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College increases global awareness
More and more international students are choosing Peninsula College as their American source of higher education.
That’s great news, says Sophia Iliakis-Doherty, P.C.’s director of international student programs and student recruitment. Iliakis-Doherty took on that title in November, stepping into the big shoes left by China-born Ge-Yao Liu, who ran the program for a dozen years. Some 60-70 percent of the international students now attending P.C. are from China, Hong Kong and that region. “Opening the Chinese market” is a major part of Liu’s legacy, said Iliakis-Doherty.
Altogether P.C. is host to 88 international students from 14 nations.
The program’s primary purpose is to increase diversity within the community college’s student body.
Toward that end, Iliakis-Doherty is working to further diversify the nationalities within each new class.
She said Liu had recruited primarily through personal relationships that he maintained in Hong Kong and the rest of China. While continuing and expanding those relationships, Iliakis-Doherty also is relying on international agencies that specialize in recruiting international students to American colleges.
Increasing cultural awareness
Iliakis-Doherty said bringing in international students serves the college’s larger goal of
ensuring the students achieve “intercultural competency.”
“Our president’s vision is globalization. Because we’re out on the peninsula, away from major cosmopolitan centers, we feel it’s more important. The world is getting smaller. Students have to learn to live and work in a global society.”
Jack Huls, who as vice president for student services oversees the program, agreed much of the new emphasis on globalization has been put into place by P.C. President Dr. Thomas A. Keegan, who sought successfully to have “Global Awareness” established as one of the college’s five strategic priorities.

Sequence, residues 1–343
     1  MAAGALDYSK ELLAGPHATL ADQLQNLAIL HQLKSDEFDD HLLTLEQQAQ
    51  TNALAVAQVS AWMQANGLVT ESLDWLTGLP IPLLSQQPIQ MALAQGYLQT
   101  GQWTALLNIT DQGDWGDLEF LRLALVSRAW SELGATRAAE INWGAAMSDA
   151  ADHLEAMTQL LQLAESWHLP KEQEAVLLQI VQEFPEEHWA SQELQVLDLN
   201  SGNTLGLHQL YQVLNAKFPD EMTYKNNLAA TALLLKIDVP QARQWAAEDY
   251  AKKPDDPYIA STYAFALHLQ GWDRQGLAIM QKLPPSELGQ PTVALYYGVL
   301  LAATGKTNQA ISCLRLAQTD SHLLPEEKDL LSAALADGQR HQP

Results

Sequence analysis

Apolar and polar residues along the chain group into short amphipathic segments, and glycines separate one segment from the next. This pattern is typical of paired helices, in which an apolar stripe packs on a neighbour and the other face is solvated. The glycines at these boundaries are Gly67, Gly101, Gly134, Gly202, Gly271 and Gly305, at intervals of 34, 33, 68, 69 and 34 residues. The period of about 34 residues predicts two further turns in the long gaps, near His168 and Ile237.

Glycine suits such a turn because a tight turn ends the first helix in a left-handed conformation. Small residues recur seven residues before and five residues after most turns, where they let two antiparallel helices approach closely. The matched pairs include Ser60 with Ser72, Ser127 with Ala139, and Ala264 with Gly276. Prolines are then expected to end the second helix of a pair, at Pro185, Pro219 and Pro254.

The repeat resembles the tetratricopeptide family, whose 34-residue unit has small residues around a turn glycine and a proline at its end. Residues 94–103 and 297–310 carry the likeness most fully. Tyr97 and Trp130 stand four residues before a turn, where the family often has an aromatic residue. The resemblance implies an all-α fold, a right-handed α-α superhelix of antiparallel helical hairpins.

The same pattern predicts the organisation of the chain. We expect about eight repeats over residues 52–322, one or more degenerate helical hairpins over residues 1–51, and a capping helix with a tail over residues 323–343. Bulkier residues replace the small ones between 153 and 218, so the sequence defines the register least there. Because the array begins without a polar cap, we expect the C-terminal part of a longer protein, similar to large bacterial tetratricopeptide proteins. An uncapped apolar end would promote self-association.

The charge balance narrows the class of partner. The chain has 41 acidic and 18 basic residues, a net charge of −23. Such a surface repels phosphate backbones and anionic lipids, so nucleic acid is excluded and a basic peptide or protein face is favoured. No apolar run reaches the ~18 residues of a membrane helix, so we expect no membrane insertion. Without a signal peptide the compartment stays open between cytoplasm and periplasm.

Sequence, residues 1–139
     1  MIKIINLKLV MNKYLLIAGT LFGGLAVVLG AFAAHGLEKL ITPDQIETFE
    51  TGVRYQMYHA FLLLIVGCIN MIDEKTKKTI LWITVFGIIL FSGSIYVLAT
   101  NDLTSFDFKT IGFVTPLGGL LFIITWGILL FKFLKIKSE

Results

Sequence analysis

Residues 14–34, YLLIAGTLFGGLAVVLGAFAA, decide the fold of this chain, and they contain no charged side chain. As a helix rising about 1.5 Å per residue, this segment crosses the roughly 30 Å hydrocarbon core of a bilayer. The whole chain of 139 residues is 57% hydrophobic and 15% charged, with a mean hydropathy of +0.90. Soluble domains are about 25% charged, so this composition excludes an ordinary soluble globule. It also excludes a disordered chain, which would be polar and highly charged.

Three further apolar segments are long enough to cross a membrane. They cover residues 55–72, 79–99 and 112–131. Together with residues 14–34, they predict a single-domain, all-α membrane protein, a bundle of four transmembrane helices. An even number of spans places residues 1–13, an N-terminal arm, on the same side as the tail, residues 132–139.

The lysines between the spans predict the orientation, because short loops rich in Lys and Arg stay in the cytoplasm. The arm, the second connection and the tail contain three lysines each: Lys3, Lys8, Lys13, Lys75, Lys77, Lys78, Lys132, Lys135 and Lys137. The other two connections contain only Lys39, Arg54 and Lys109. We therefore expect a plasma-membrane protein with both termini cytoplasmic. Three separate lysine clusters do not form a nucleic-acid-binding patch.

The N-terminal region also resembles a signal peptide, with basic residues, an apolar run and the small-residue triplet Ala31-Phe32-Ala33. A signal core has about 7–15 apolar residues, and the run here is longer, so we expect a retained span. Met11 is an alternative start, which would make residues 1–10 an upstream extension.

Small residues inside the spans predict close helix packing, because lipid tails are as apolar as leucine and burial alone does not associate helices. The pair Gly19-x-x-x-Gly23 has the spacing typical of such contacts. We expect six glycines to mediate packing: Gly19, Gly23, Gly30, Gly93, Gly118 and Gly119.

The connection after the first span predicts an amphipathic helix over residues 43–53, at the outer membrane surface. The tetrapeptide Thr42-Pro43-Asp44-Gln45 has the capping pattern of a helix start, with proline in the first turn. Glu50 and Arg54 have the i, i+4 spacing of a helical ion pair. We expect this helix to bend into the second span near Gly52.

That means, says Huls, “We are working to prepare our students to succeed in an increasingly interdependent world. We want our domestic students to interact with international students.”
Huls says the initiative includes encouraging Peninsula College’s American students to study abroad.
“We are providing them a chance to interact — to work with students from around the world,” he said.
Iliakis-Doherty noted the college also has faculty exchanges, including one Chinese professor who is teaching Mandarin at P.C.
For more than a decade, P.C. has maintained a working relationship with Guilin University of Technology in Guangxi, China. Now the college is working toward creating two more alliances with overseas universities.
Making it work
The college has established a formal committee on global initiatives whose work includes further “globalizing the campus.” The committee also works with Iliakis-Doherty and her staff to formulate new programs that will make P.C. more attractive to prospective international students, including “intensive English” programs.
Huls said all of the international students are required to enroll as full-time students. That means each pays the full cost of tuition or about $8,000 for an average academic year.
By contrast, Washington students pay approximately $3,700.
Home away from home
Iliakis-Doherty said the international students integrate well with current Peninsula College students and with the general population of Port Angeles.
Though they are not required to, many of the students stay with a host family, creating close ties with the community. “We’re trying to fully integrate the international students,” Iliakis-Doherty said, adding the American students are in full agreement. “Student government has really embraced it,” she said.
Reach Mark Couhig at firstname.lastname@example.org.